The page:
Tag Archives: Roux

Better than Banquent: Chicken Pot Pie for a Barnful

Start Roasting yer  Chicken:

(Handy chicken fact: 1 pound lean boneless skinless chicken makes about 2 cups of meat and
1 pound whole chicken makes about 1 cup of meat)

  • 4  5 lb chickens, cut up– I cut up my own it is vastly cheaper.
  • Mixed herbs or poultry seasonings,  and salt and pepper
An adult male chicken, the rooster has a promi...

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Put convection oven at 400°. Oil roasting pans,  arrange chicken on them and leave space between  chicken pieces,  so it browns well instead of just  steaming. Sprinkle front and back with Mixed Herbs Blend, and roast for 20 or so minutes until it is  well browned.  Do not worry about thorough cooking, as it will cook further in the casserole.  Throw the wings, backs  and giblets (all except the livers, but save them to make great chopped liver)  right back  into your ginourmous stock pot.  Add water to almost 3⁄4 full and bring to a boil, and add at least  6 fat  carrots, 3 big onions, 6 stalks celery, 6 sprigs parsley.

Strip the rest of the chicken  from the bones, and of skin, which also are added to the pot. Simmer gently for at least an hour, or overnight, covered on the pilot, or very, very low heat,  and then skim carefully of fat.  Save this for the next step, which is,

Roux:

  • 3 cups butter or chicken fat
  • 3 cups flour

Melt fat over medium heat, and slowly add flour, mixing with whisk until smooth.  Cook for 5 minutes over low heat.  Use immediately,

or it can be refrigerated for a month or frozen for a year.  Do twice for four pans, serving 200.


Sauce Veloute:( for one pan serving 50)

  • 3 cups roux
  • 1  gallon stock

    A roux-based sauce with chicken stock, white w...

    Image via Wikipedia

  • 1⁄2 gallon whole milk
  • 3 lbs frozen peas
  • 6  lbs cooked chicken, or 4 quarts, or 16 cups, diced
  • 1-2 Tbs salt
  • 1tbs pepper
  • 1 1⁄2 tsp poultry seasoning
  • 2 tsp hot sauce

Heat roux if refrigerated or frozen.  Slowly add stock, whisking constantly, until smoothly blended, then milk and cook on low for five minutes, stirring continually.  Add seasonings and taste.  Add peas, carrots, potatoes and chicken.  Keep warm while rolling out crust.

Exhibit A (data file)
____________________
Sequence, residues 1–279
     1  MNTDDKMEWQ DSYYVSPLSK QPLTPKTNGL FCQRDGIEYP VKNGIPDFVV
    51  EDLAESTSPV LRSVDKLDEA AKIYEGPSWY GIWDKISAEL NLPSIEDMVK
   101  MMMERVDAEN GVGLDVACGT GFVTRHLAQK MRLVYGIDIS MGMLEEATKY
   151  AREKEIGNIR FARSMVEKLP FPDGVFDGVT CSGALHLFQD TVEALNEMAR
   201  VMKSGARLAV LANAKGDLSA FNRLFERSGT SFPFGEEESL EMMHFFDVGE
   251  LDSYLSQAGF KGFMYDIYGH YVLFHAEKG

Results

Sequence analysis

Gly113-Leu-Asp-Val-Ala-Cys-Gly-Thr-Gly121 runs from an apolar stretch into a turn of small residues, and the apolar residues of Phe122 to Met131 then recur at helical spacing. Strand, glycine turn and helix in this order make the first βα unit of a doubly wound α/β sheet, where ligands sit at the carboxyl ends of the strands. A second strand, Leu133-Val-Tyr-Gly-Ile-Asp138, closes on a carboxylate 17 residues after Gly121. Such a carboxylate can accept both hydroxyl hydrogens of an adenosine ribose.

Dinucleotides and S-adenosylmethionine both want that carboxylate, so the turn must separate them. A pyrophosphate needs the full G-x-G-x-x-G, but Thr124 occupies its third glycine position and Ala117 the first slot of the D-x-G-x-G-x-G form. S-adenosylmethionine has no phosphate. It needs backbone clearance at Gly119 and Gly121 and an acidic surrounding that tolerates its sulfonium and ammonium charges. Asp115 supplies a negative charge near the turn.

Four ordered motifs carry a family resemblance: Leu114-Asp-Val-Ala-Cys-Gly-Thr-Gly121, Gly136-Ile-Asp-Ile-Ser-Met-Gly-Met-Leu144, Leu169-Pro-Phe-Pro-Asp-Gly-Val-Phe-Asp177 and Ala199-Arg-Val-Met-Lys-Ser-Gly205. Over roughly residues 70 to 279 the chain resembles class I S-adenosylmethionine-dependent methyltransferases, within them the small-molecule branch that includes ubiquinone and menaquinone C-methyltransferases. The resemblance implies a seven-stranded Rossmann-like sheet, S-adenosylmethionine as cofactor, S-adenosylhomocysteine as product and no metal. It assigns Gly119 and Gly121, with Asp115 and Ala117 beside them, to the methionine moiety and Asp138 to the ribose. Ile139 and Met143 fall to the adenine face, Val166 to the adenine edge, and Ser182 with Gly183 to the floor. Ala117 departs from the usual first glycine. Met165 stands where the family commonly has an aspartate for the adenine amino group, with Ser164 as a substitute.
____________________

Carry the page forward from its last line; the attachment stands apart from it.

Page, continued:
Hot Water Pie Crust: From Cooking from Quilt Country by Marcia Adams.

problem with the pie crust

Image by Joelk75 via Flickr

Do not be afraid of either the lard in this crust, or the idea of rolling out crust.  This stuff is magic, like rolling out Play Dough, it is that forgiving and patchable and moldable!  This pie crust disaster on the right will not happen to you. Hot water pie crust is the beginners’ ideal crust, and the experienced chef’s godsend, as it makes an enormous quantity very quickly in the mixer

.  It is the reason those Amish women  can serve their families pie three times a day.

And About Lard:  It has a undeserved bad reputation as a health hazard, but home rendered lard is as healthy a source of omega 3’s as olive oil.  The stuff in tubs is not as good, but it tastes great if it’s fresh–everyone thinks they are eating a butter crust.

(For 4 8-inchtop and bottom crusts or 4  9-inch single crust, or 1 15 ×12 inch pan , so repeat four times, for four 15×12 pans to serve 100)

  • 1 1⁄2 pounds lard,  (3 cups)

    Cover of "Cooking from Quilt Country : He...

    Cover via Amazon1 tablespoon salt

  • 1 1⁄2 cups boiling water
  • 1 tablespoon salt
  • 9 cups all purpose flour (1⁄2 bag)

Put lard and salt in mixing bowl and beat a bit until completely softened.  Pour boiling water over the lard and blend again.  Let this mixture cool to room temperature, but stir often so water and lard won’t separate, though it is not the end of the world, or the crust, if it does).  Stir in the flour, and form the mixture into a ball.  Chill for several hours, or overnight , then let the cold dough sit out at room temperature for about 30 minutes before rolling out.

Bake pies at 400°

Make Ahead Mashed Potatoes for 100

  • 50 lbs. potatoes
  • 80 oz. cream cheese with chives
  • 5 cups half and half

    mashed taters

    Image by plasticrevolver via Flickr

  • 5 tsp pepper
  • 7 1/2 cups butter

Peel and cut the potatoes into pieces that are generally the same size. Bring a large pot of water to a simmer and add the potatoes. Bring to a boil and cook for 30 to 35 minutes. When they’re cooked through, the fork should easily slide into the potatoes with no resistance, and the potatoes should almost, but not totally, fall apart.

Drain the potatoes in a large colander. When the potatoes have finished draining, place them back into the dry pot and put the pot on the stove. Put the potatoes over low heat, slightly covered, allowing all the steam to escape, and dry out before mashing and  adding in all the other ingredients.

Turn off the stove and add butter,  cream cheese and half-and-half. Mash, mash, mash! Next, black pepper to taste.

Stir well and place in half-sized roasting pan. Throw a few pats of butter over the top of the potatoes and place them in a 350-degree oven and heat until crusty and browned.

Note: When making this dish a day or two in advance, take it out of the fridge about 2 to 3 hours before serving time. Bake in a 350-degree oven for about 40 to 50 minutes or until warmed through, or if you have time, till browned and crispy like a giant tater tot.  Don’t cover with foil or steamer pans, or you’ll soften the crust.

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